“Emily knew there would be strings attached when she relocated to the small town of Willow Creek, Maryland, for the summer to help her sister recover from an accident, but who could anticipate getting roped into volunteering for the local Renaissance Faire alongside her teenaged niece? Or that the irritating and inscrutable schoolteacher in charge of the volunteers would be so annoying that she finds it impossible to stop thinking about him?
The faire is Simon’s family legacy and from the start he makes clear he doesn’t have time for Emily’s lighthearted approach to life, her oddball Shakespeare conspiracy theories, or her endless suggestions for new acts to shake things up. Yet on the faire grounds he becomes a different person, flirting freely with Emily when she’s in her revealing wench’s costume. But is this attraction real, or just part of the characters they’re portraying?
This summer was only ever supposed to be a pit stop on the way to somewhere else for Emily, but soon she can’t seem to shake the fantasy of establishing something more with Simon or a permanent home of her own in Willow Creek.”
-Synopsis from StoryGraph
*light spoilers ahead*
Well Met by Jen DeLuca is book one in the Well Met series. As the synopsis alludes, much of this story takes place over the course of the summer during a Renaissance Faire.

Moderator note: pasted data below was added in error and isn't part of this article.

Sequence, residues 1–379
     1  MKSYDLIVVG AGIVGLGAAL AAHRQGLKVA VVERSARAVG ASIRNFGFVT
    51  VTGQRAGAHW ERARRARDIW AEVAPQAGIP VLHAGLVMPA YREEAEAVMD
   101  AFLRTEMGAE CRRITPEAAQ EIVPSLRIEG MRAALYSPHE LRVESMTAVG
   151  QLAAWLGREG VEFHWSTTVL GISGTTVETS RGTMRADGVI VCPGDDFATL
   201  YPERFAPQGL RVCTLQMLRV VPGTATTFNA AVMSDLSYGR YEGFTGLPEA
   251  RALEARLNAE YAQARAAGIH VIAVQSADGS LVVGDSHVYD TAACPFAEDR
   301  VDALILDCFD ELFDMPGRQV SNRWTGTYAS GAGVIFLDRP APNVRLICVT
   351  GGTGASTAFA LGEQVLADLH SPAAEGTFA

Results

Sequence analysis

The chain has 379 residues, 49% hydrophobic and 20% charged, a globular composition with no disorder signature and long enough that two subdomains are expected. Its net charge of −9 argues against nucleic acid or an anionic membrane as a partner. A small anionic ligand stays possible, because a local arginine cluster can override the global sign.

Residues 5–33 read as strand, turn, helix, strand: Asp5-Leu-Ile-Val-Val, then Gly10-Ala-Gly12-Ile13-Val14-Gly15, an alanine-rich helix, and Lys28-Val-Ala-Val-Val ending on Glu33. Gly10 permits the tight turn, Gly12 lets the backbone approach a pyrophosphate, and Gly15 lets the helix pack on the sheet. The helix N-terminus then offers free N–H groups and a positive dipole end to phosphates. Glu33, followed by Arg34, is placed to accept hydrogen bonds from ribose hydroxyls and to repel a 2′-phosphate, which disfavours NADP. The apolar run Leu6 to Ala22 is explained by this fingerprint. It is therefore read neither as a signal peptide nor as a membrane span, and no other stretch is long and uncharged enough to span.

Emily is only participating in the faire as a volunteer so that her fourteen year-old niece, Caitlin, can also participate as a member of the cast. She and Simon get off on the wrong foot and she pretty much instantly hates him. She spends her faire weekends as a tavern wench and actively avoiding Simon as much as possible. But Simon sort of flip-flops on her and, once he’s in his faire persona (a pirate) he flirts with her constantly.
Throughout the course of the book, I was unsure as to whether or not I really liked Simon’s character. The faire cast and volunteers (kids and adults alike) spent weeks preparing (learning about history, social customs, accents) it seemed as though if Simon were planning to establish a running storyline with another cast member, that it would have been established beforehand.
Instead, his faire persona’s love story with Emily’s faire persona is a complete surprise to everyone. Emily goes back and forth between thinking all of the attention from Simon is intentional and that he really is interested in her, and thinking that he’s just really committed to putting on a successful show.
As we get to know Simon more, I couldn’t help but think that he was struggling so much with the grief and the loss of his brother that he was possibly not ready to be in a relationship. Even Emily is still very much struggling with a recent breakup and general insecurities, to the point that she is quick to become defensive and jump to conclusions about almost everything.
She assumes the worst about everyone but especially about herself. She wants to help Simon heal and get through his grief, but neither of them seemed to be in a good place, and I didn’t see that as being a great foundation for a relationship. I think what it came down to for me is that I enjoyed the story aspect of this book more than the romance.
There are two more books in the series, Well Played and Well Matched that I plan to read later this year.